"ThinkFast: May 19, 2008"
The on-air feud between MSNBC’s Keith Olbermann and Fox News’ Bill O’Reilly “has triggered back-channel discussions” involving Rupert Murdoch, Roger Ailes, NBC chief executive Jeff Zucker, and GE’s CEO Jeffrey Immelt. Ailes warned that if Olbermann didn’t halt attacks against Fox, “he would unleash O’Reilly against NBC.” The appeals failed, and O’Reilly has escalated his criticism of GE in recent weeks.
A top U.S. commander in Baghdad apologized to “local leaders and tribal sheiks” this weekend after it was discovered that “a soldier had used a Koran” as a target at a shooting range. Though the soldier has been “disciplined and sent out of Iraq,” a major Sunni political party called for “tough government action” against the soldier.
President Bush arrived back in Washington yesterday “with little to show” for his trip to the Middle East. “Saudi Arabia rebuffed his plea for help with soaring oil prices, Egypt’s leader questioned his seriousness about peacemaking and there was not enough progress in the peace talks to warrant a three-way meeting of Bush with Israeli and Palestinian leaders.”
Before breaking for Memorial Day, senators will be taking up a series of Iraq-related measures, including a “complex series of votes on the war money, a new G.I. education benefit, aid for the unemployed, immigration and even health care.”
Yesterday, Tom Loeffler resigned from Sen. John McCain’s (R-AZ) campaign, after Newsweek reported he had been lobbying for foreign interests, including Saudi Arabia. At the outset of the campaign, Loeffler was prepared to give up his clients at the behest of campaign strategist John Weaver. “But McCain, trusting Loeffler to know where the boundary lines lay, overruled Mr. Weaver; Loeffler got to keep his clients.”
Career staff members at the Department of Housing and Urban Development “say problems in the agency’s contracting process run much deeper than” former HUD Secretary Alphonso Jackson, who resigned recently amid a criminal probe. According to the staff, other officials “promoted certain companies while rebuffing concerns about their performance and qualifications.”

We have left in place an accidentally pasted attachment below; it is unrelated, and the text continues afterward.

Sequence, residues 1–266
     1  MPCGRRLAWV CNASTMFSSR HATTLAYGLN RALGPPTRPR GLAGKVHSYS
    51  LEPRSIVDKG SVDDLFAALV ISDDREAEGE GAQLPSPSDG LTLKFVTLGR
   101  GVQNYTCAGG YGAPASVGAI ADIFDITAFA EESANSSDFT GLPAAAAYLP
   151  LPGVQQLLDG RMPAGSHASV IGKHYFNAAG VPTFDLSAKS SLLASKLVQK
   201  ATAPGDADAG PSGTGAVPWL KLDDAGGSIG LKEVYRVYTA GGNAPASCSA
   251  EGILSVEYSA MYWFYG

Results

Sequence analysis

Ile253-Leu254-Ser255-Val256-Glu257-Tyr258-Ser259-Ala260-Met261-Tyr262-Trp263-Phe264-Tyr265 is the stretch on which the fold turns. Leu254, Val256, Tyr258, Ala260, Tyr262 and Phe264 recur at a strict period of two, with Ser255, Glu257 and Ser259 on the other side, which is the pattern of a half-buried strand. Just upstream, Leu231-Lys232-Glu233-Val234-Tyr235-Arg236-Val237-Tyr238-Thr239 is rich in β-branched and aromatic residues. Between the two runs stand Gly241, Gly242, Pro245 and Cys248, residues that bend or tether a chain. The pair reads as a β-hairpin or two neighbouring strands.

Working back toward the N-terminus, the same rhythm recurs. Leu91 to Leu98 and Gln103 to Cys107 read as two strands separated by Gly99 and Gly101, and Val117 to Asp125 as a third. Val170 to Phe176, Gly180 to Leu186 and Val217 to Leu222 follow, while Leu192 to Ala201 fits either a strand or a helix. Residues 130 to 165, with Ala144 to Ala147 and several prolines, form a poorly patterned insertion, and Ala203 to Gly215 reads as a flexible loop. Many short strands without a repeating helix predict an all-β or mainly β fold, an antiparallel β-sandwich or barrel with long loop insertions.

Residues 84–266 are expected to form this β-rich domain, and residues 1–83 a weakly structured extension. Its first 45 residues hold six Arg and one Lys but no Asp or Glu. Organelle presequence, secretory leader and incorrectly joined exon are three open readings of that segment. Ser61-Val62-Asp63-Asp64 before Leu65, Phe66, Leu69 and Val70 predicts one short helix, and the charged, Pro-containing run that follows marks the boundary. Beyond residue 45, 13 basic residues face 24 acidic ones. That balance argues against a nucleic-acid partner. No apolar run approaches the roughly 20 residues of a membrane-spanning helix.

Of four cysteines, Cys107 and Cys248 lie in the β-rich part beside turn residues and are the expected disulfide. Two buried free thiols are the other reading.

Google Earth launches a new project today, Climate Change in Our World, that will allow users “to see how climate change could affect the planet and its people over the next century, along with viewing the loss of Antarctic ice shelves over the last 50 years.”
“As the Democratic presidential race unfolds in coal country this week and with John McCain’s recent rollout of a global-warming initiative, coal industry officials and environmentalists are unsure which candidate to endorse.”
Federal courts have largely rejected the Bush administration’s attempts to “significantly rewrite America’s bedrock conservation laws, particularly the Clean Air Act.” Of the “78 federal court rulings and settlements in species cases resolved since January 2001, the Bush administration won just one.” Judges have also often scolded the administration for its “disregard for the law and science.”
And finally: This weekend, Sen. John McCain (R-AZ) “chased after the youth vote” by participating in two cameo appearances on “Saturday Night Live.”I ask you, what should we be looking for in our next president?” joked McCain in a political parody ad. “Certainly, someone who is very, very, very old.” He also riffed on his supposed crusade against earmarks, stating, “When I entered the Senate in 1987, Arizona had 47,000 miles of paved roadway. Today it’s less than 900.”